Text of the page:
Growing up my thoughts of Germany were mostly in regard to the quaint, romanticism of western Germany, Bavaria and the Rhine region, or about the contrasting atrocities of World War II. I remember being fascinated and confused by the Wall as a child and excited when it came down, but beyond that I never really thought about visiting Berlin. Then I read Erik Larson’s In the Garden of Beasts, and I found myself with a yearning.
I needed to walk through the Tiergarten and see the grand boulevards. I needed to see the city full of so much history and vast complexities. So, back in May, we packed up and spent four days walking this vast city; and I have to say, of all the cities we’ve visited, this one surprised me the most. (You can also view Mr. N’s pictoral essay of Berlin here.)
I’m not sure exactly what I expected, but I knew this wasn’t it. I don’t mean this negatively at all, we loved Berlin, it was just the one city that I found so unexpected. First, the sheer expanse of Berlin blew me away. As you know we tend to walk most of the cities we visit, not only does it allow us to see a lot and be flexible in our plans, it also doubles as our exercise. And boy did we get it here! The first day alone we walked 11 miles. It’s immediately evident why Berlinners love their bikes – it’s a much more efficient way to do this city.
I was also in awe of the number of cranes throughout the city. I’ve read that cranes dotted the skyline throughout the past decade, but they still do in significant numbers. Berlin is still very much rebuilding – and in every direction. Given its history in the past century, it’s no surprise that Berlin had much to rebuild, but the extent of construction is both impressive and revealing.
Then there was the Tiergarten. This too was astonishing. For those of you that don’t know, the Tiergarten is a city park – a massive urban garden at 520 acres. It is beautiful, serene and amazingly quiet despite the number of people biking, sunning and walking its many paths. It was our favorite place to walk through every day whether on our way to a boat tour, the Brandenburg Gate, the zoo or the Reichstag. It seemed to extend in all directions and was a stunning respite.
But the memorials were the most amazing. We were all taken aback by the impact the sights. From the 96 stones naming each of the members of the Reichstag that stood up to Hitler…
…to the Berlin Wall memorial sight and center. Both of the kids were particularly taken by the gravity and the hope of this exhibit.
The one that stood out the most, however, was the Memorial to the Murdered Jews of Europe. This was by far the most dramatic, most eye-opening and most difficult of all the World War II memorials we’ve visted (with the exception of Auschwitz-Birkenau). Mr. N was particularly moved. Even Miss A understood the gravity. She took along some coloring pages provided by the museum (as it’s not recommended for children under 14), and colored when she wanted to and read things when she was ready. She handled it very well, and developed an appropriate understanding of the events for her age. If you’re in Berlin, this is not to be missed.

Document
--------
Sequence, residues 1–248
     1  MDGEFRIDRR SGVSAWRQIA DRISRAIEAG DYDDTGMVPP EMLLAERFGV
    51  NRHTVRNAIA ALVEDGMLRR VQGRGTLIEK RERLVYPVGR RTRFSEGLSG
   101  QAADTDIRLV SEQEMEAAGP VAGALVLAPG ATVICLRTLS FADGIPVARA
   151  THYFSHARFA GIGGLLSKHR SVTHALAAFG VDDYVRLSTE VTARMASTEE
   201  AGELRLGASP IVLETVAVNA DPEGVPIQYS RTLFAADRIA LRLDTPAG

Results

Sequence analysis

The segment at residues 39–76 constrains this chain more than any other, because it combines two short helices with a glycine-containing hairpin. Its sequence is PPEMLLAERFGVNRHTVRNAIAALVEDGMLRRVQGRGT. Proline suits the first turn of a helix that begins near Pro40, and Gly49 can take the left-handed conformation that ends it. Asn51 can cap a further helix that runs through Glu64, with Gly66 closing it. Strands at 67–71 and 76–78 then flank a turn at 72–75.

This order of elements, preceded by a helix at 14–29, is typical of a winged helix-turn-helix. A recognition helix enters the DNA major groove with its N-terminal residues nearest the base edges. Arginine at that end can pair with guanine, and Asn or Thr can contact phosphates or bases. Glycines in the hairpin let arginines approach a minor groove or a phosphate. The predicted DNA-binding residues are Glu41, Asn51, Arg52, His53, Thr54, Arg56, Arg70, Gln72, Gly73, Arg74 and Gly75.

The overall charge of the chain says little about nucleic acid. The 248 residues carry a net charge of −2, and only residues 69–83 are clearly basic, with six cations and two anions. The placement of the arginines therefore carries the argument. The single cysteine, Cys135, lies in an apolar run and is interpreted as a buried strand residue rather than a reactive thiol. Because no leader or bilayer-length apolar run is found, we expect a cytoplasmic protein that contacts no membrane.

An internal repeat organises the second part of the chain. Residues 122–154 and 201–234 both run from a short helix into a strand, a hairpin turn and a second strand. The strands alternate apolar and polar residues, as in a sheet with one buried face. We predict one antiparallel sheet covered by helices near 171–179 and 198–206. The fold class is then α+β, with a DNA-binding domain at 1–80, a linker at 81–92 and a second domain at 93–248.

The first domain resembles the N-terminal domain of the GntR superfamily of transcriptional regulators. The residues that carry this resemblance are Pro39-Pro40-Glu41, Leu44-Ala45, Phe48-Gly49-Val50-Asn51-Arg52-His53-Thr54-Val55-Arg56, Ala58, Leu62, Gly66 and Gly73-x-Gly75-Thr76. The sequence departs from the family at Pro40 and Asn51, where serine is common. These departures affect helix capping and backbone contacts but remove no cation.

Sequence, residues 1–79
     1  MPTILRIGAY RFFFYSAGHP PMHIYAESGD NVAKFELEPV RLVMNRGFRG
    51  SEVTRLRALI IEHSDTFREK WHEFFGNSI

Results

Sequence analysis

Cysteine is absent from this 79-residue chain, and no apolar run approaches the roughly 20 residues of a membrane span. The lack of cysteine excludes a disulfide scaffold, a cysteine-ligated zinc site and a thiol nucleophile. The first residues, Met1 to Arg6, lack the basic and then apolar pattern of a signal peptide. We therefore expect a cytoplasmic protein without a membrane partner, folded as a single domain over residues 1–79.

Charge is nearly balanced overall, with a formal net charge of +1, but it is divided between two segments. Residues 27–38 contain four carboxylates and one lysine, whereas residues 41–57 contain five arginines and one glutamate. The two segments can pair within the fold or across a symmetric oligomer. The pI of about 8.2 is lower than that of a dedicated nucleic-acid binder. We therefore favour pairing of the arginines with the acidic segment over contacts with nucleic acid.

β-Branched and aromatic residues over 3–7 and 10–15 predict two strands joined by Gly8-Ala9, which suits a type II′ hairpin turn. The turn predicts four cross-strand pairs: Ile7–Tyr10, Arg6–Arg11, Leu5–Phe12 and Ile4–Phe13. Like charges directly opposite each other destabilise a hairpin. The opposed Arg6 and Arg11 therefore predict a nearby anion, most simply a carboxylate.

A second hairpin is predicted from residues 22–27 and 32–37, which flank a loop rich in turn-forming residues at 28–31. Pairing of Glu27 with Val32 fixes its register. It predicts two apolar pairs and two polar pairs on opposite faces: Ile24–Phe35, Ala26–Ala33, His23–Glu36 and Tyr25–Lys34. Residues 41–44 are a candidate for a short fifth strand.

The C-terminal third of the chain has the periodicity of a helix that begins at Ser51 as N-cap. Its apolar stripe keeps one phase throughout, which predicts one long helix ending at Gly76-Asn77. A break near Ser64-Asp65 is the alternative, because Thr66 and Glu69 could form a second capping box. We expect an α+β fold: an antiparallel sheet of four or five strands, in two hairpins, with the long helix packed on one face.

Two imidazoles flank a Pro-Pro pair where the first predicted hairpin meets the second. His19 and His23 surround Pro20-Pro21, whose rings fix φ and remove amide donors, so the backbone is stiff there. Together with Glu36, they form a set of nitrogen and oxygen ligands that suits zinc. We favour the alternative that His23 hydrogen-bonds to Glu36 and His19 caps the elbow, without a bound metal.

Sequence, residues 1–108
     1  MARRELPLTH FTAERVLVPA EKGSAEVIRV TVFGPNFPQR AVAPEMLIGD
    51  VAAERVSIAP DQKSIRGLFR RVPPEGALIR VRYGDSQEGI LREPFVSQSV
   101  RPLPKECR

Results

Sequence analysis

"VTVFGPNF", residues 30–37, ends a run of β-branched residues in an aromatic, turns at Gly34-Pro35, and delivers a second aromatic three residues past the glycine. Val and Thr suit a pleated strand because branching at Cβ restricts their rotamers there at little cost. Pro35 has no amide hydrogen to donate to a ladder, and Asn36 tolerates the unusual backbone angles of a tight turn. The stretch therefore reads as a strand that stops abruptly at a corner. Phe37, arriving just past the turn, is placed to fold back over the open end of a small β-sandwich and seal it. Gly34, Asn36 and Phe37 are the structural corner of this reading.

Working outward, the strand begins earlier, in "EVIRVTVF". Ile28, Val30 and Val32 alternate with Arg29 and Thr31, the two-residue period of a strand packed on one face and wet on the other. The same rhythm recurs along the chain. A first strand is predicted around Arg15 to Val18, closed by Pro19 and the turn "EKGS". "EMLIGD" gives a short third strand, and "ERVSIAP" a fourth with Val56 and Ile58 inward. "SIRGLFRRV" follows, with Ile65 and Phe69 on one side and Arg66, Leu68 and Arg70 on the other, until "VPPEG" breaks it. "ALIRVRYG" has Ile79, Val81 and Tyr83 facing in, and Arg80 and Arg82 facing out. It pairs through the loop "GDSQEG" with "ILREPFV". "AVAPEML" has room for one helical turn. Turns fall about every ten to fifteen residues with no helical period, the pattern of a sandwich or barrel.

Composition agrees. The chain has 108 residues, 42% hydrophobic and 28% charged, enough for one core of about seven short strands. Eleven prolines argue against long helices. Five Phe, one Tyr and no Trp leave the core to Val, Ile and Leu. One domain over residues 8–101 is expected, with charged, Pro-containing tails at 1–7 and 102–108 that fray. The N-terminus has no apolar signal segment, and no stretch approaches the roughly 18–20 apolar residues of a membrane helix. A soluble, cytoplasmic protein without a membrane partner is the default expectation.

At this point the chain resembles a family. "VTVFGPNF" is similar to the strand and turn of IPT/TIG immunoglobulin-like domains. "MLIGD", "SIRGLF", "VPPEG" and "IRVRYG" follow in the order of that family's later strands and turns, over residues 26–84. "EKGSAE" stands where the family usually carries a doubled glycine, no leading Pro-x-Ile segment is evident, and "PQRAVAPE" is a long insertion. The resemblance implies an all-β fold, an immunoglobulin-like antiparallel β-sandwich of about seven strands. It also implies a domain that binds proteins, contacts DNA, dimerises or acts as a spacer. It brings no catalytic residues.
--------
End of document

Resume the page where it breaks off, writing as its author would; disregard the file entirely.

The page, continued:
2,711 concrete slabs are arranged above the center. They evoke the feelings of a cemetary and are at once beautiful, disorienting and alarming. From above you can see the city around you, but walk a few aisles in and you find yourself lost in a concrete sea.
In the center under the memorial (which is free of charge), you walk past a timeline of the history of the “Final Solution,” into a room where the floor is illuminated with letters from victims to their families often thrown from trains, and then into the Room of Families. Here 15 of the stone slabs from above, transcend into the space below making a truly powerful statement. Each of the slabs highlights the stories of 15 specific families from across Europe with photos, facts and the horrific outcomes. And the final room – the Room of Names – the names of all known Jewish Holocaust victims are read aloud. It is said to listen to the entire list from start to finish would take six years. Needless to say, the museum is utterly silent. (The map below indicates killing sights, work camps and extermination camps.)
But Berlin also has a lighter side. Families fill the parks, sunbathers line the walls of the river, and the Ampelmann (the traffic light symbol from East Berlin, now a city-wide icon) delights adults and chidren alike.
We lounged in parks, dined on the river and even found a light-hearted (and mathmatically inclined) magic museum.
And of course we enjoyed the city’s diverse architecture and neighborhoods.
And we had one last surprise, Berlin street food. With four full days in this vast city we dined on everything from traditional German food and beer, to Indian food, Italian, and even a few German wine bistros. Our favorite, however, was Berlin street food, specifically, Currywurst. Currywurst sounds awful, looks like a heart attack (and probably is), but is also astonishingly delicious. It’s fries and hot dogs covered in ketchup, curry powder and a dollop of mayo. It’s served in a paper dish with a small wooden fork and is perfect washed down with a German beer.
Once the “Garden of Beasts,” Berlin today is an inspiring, diverse and contradictory place. It’s orderly, chaotic, safe, unsettling, somber, light-hearted, expansive, communal, dark, bright, modern, historic, energetic, laid back, professional and eccentric. And thankfully, free and peaceful.
Perhaps it is a garden of all that is life. While it surprised us and was not what we expected, it was emotional, impactful and utterly delightful and walking through the Brandenburg Gate encompassed it all.